For many companies, e-discovery is a relatively new concept. While many companies have document retention policies, fewer have policies that extend to the retention of electronic data. An effective data management policy must encompass all data - both electronic and documentary. Because most people rely heavily on email communication today, it is best to maintain an electronic data retention policy that includes a formal email retention policy. When emails and other electronic data (including back-up tapes) are retained for a specified period, the company does not have to spend time and money wading through old data that may be irrelevant to litigation. As with a document retention policy, a formal email retention policy should specify how and when emails will be deleted or otherwise disposed of, and how long the company will store back-up tapes or other residual electronic data. Moreover, a formal email retention policy may be used as a defense to spoliation claims, specifically, claims of destruction of electronic data . See In re Prudential Ins. Co., 169 F.R.D. 598, 613 (stating that Prudential lacked "a clear and unequivocal document preservation policy" and imposing $1 million in sanctions).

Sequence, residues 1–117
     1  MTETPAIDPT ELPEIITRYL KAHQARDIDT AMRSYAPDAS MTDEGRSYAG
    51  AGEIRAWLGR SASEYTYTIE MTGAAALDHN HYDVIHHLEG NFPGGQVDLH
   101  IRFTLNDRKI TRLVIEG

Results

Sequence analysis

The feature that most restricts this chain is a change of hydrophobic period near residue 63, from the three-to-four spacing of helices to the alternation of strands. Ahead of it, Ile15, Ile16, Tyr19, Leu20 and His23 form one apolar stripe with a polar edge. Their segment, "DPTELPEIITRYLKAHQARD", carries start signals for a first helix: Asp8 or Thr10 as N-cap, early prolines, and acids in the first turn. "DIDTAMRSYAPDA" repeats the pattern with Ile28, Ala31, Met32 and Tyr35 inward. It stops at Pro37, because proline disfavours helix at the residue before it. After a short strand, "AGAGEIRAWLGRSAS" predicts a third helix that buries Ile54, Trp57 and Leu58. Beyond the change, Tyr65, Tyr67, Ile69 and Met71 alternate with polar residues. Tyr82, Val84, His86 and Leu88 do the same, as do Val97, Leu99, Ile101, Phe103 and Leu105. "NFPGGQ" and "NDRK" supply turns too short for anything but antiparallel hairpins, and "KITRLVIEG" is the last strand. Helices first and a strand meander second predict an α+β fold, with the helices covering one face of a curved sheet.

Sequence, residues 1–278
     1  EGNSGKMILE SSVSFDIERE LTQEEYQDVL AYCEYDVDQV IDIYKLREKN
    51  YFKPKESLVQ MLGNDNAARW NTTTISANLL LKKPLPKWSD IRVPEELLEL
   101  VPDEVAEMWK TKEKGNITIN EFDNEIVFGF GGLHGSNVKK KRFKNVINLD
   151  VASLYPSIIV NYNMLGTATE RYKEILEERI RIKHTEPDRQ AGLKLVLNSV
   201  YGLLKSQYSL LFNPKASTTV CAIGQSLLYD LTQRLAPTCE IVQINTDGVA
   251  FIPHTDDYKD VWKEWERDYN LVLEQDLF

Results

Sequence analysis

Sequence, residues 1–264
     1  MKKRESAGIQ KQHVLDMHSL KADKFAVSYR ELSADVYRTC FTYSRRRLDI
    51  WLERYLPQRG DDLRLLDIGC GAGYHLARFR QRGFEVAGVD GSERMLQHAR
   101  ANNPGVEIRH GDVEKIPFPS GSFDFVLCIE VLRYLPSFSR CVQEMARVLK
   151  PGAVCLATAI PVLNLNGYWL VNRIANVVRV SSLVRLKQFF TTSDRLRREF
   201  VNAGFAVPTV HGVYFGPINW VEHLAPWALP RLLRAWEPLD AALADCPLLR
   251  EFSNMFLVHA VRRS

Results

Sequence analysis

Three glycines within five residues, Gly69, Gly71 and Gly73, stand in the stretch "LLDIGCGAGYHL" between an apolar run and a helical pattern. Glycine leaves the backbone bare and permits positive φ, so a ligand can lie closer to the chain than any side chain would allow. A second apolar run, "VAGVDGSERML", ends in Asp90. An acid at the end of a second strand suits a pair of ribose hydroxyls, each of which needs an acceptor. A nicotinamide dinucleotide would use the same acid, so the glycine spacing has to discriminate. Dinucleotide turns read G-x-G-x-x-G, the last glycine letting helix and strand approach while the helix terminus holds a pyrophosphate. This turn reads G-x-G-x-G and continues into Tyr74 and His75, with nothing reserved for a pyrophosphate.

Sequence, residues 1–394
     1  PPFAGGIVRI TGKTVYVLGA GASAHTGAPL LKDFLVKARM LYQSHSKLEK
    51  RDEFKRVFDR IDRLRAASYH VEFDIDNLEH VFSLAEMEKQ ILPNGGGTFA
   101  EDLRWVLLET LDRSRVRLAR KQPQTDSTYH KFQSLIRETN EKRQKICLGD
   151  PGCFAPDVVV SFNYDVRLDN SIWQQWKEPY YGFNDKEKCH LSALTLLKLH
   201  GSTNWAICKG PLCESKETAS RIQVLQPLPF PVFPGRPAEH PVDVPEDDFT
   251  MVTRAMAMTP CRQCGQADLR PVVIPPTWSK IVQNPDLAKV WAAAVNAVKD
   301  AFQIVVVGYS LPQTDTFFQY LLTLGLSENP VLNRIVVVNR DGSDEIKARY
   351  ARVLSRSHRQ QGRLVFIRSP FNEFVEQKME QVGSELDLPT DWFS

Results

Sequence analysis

Litigation Hold. The proper implementation of litigation hold procedures sets the tone for the rest of the litigation and is the best defense against spoliation claims. The preservation plan should specifically outline when and how to implement the litigation hold. As soon as the company's management suspects that litigation is imminent, they should disseminate a clear, detailed litigation hold advisory letter to all relevant employees and divisions. It is best (and effectively required by case law) to issue the letter if litigation is suspected or threatened, but not instituted. While this may seem premature, in the long run it can save money and provide the company with time to implement the preservation plan. In addition, the sooner the litigation hold is implemented, the less likely it is that inadvertent document destruction will occur or that spoliation claims will survive. Early attention to electronic discovery makes life easier in the later stages of litigation.